It makes perfect sense that Sylvester Stallone, at the height of his powers as an 80’s mega-movie star, would make a PG-rated action movie for kids. Over time, Stallone would make a massive comeback, regain his status as an actor (and not merely a Movie Star) and, against all odds, become an Oscar contender. By the mid-1980’s however, Stallone’s career took a very commercial turn, in which he starred in a string of tailor-made vehicles, many of which were beneath him and don’t hold up, even through the haze of nostalgia.
Stallone stars as Lincoln Hawk, a single, apparently homeless truck driver who belatedly decides to give fatherhood a shot. For reasons both overly complicated and painfully contrived, Hawk must drive his son, Michael (played by David Mendenhall, a survivor of this and “Going Bananas!”) on a road trip where they bond and ponder attending an arm wrestling championship in Las Vegas.
After the whammy of starring in “Rambo: First Blood Part II” and “Rocky IV,” both giant 1985 blockbusters, the reigning Italian Stallion of American Action Movies started to go wrong. I’m not saying that the movies that followed, “Cobra,””Lock Up,” “Rambo III,” “Tango & Cash” and “Rocky V” aren’t entertaining (“Tango & Cash” in particular plays like a knowing parody and is a deluxe guilty pleasure if there ever was one). A harder argument to make is that they’re any good. Case in point: “Over The Top,”
Oddly enough, this is the first of three almost-consecutive movies in which Stallone plays an imprisoned character (the best Sly in the Slammer movie, “Escape Plan,” wouldn’t come for decades later).
“Over The Top” was directed Menahem Golan, of the Golan/Globus alliance that brought us the infamous, fondly remembered Cannon Films. Golan, like Stallone, knows a winning formula and does everything he can to hit the narrative beats of “Rocky,” “The Champ” and “Kramer Vs. Kramer,” an odd pairing if there ever was one. Considering this is about a lovable blue collar worker, a regular at greasy spoon diners and a real man of the people, who must bond with his “spoiled brat rich kid” son, what we have is oddly like the 1991, John Hughes-scripted “Dutch,” with lots and lots of arm wrestling.
Let it be said, when the arm wrastlin’ is the focus, the movie works. There is a bug-eyed, sweat n’ stank, testosterone-fueled intensity to these scenes that are just right. Note the final match between our hero and his opponent: the camera moves in close, the actors sound like they’re in excruciating pain, and even the slow-motion shots succeed in keep us on edge and enthralled. To my knowledge, “Over The Top” is the only movie to prominently feature arm wrestling as a sport. It may be dubious praise, but I can’t imagine it being done better than it is here.
Whenever the movie focuses on Hawk bonding with his son, it all goes down smoothly, even as Stallone whisper/mumbles too much of his lines and Mendenhall’s earnest performance is sometimes grating. Early on, we meet “Bull,” the burly villain played by Rick Zumwalt. “Bull” has a great psyche-out method of making crazy-eyes, pointing his beefy fingers at his opponents and growling, “You’re Mine!” He’s a great villain.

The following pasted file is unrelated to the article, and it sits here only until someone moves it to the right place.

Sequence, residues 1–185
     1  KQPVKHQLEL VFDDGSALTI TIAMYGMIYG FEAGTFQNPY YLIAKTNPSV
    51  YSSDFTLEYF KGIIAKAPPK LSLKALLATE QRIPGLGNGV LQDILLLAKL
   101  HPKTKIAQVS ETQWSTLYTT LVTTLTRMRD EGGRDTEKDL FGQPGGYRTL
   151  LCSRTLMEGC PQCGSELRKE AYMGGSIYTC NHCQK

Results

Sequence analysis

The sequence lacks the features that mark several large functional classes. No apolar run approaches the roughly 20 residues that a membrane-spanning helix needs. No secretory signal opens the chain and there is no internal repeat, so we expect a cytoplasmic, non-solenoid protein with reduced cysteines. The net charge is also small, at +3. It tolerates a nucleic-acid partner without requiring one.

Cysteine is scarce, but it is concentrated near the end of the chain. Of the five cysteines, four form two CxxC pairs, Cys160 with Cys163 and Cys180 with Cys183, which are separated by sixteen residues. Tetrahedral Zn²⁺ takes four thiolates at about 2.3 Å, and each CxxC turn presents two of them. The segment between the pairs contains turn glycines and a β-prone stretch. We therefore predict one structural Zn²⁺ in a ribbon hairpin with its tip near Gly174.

At one point, “Bull” wears a hat for a Las Vegas State Corrections Security Officer, a subplot this movie sorely needed. Zumwalt’s other big role is playing the guy who gets beat up in a bar by Sean Connery in “The Presidio” (don’t laugh, it’s a great scene). “Bull” should have had a bigger role in “Over The Top” but is, most unfortunately, the movie’s secondary villain. The Head Jerk is actually played by Robert Loggia, as a the suit-wearing, thug-hiring “Grandpa,” whose only goal in life appears to make his Grandson Michael and Hawk completely miserable.
Loggia typically gives too much when the roles aren’t good and he seems to be striving for the same intensity in his acting as the arm wrestling scenes. It doesn’t work. Neither do the badly clichéd scenes of Michael’s Sick Mother. The first major wrong turn comes when Hawk tricks his son into an impromptu arm wrestling match with a bunch of obnoxious 80’s teens over a pinball machine. It’s a rotten scene, supposedly built on the idea that Hawk is building character in Michael. Considering Michael doesn’t have a follow-up bit where he arm wrestles again, the ordeal he suffers is especially pointless.
In addition to mountains of clichés and characters with little-to-no depth, lets also talk about logic. I still can’t figure out how Michael could steal and drive a vehicle (after one lesson), hop a plane, grab a cab and sneak into a Las Vegas arm wrestling tournament with the finesse of Danny Ocean. Plus, despite montages telling us otherwise, does anyone really believe Hawk could have his Adonis physique by working out with his truck every morning (and sometimes while he’s driving!)?
What “Over The Top” has is a mid-range but undeniably likable Stallone turn to carry it, a handful of good 80’s tunes to power it and a heartfelt father/son story that manages to engage, in spite of how badly formulaic it is.
80’s Kids with “Rambo” posters and action figures finally had a non-R rated Stallone movie they could see with their parents. This one even had its own short-lived action figure line! Sly would later make a comeback as an action star with “Cliffhanger” in 1993, find a resurgence as a character actor in the superb 1997 “Cop Land,” and begin a string of mostly-solid 21st century films like “Rocky Balboa.” When he made “Over The Top,” he was outrunning the ridicule and fall-out of one dud after another. “Over The Top” is one of the more enjoyable vehicles in his down period but man, is it dopey.